Question 1: Liar’s Remorse
“I just made a foolish mistake and now I’m in over my head. It’s a long story, but to make it short: I’ve been on the job market forever, I was desperate for work, and I lied on my resume. I was called for an initial phone screening and asked about my false claims, and in a moment of weakness, I repeated the lie and dug my hole a little deeper.
“Now I’ve been called in for an in-person interview tomorrow at 2:00 PM. Even before the interview takes place, I am already considering this one of the darkest and most embarrassing moments of my professional life. I don’t know how to back away from what I’ve said, and these employers seem more excited about me with every passing minute. I have to figure out how to present myself in tomorrow’s interview. Help!”
You have two choices: you can go to the interview and double down for a second time, continuing your lies and adding more layers of detail, deepening your crisis at every turn. Or you can back out of the interview and put an end to the whole façade.
If you make the first move, it seems like you may very well land the job. Which means you’ll spend your short tenure trying to fake experience you don’t have, flirting with professional humiliation and collecting a temporary paycheck.
If you make the second move, you’ll pass up the paycheck, but you’ll head back onto the job market with more respect for basic honesty. And chances are, you’ll find a better position—a real one—within the next few months. You’ll accept it as the person you really are, and on a daily basis, you’ll use the skills and passions you actually have. The first move has value, the way every life experience has value. But we recommend the second.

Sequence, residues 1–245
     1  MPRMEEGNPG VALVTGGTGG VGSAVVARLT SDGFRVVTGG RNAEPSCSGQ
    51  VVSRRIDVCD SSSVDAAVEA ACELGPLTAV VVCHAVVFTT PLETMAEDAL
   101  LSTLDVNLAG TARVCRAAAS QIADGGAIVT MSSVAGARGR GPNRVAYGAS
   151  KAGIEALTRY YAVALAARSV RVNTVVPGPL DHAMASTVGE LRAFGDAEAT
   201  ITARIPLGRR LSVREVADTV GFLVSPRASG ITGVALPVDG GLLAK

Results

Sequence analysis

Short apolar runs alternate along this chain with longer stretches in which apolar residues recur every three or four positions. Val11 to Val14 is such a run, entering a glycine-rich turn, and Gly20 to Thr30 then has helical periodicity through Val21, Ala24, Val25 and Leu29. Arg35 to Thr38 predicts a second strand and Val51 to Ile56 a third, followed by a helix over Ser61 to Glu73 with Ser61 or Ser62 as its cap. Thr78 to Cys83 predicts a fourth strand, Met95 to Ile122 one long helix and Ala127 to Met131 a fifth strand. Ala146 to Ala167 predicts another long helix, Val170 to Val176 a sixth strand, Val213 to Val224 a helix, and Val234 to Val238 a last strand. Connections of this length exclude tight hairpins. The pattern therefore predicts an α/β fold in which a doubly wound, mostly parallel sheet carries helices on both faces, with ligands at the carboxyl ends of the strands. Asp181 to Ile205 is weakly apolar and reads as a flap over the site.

Question 2: A Bit Too Eager
“I just missed a huge opportunity. I learned about an open position for my ultimate dream job, and in my haste to throw together a resume and cover letter and apply before the deadline, I missed an enormous detail that would have certainly impressed these employers. It was a successful project I completed a few years ago that perfectly aligns with the needs of the position, and I forgot to describe it in my application. What should I do? Resubmit another copy of my resume? Call the employers on the phone? Send a follow up message by email?”
All three of those are viable options. One way or another, you owe it to yourself to find a way to get your message across. Start by re-drafting your resume and cover letter and resubmitting them as if the first round never happened. Then send a short, polite email (three lines at most) to the hiring managers for the position. Explain that you resubmitted your resume in order to include a few more details that might interest them. Don’t apologize—just offer a short explanation in case they wonder why they have two applications on file for the same person.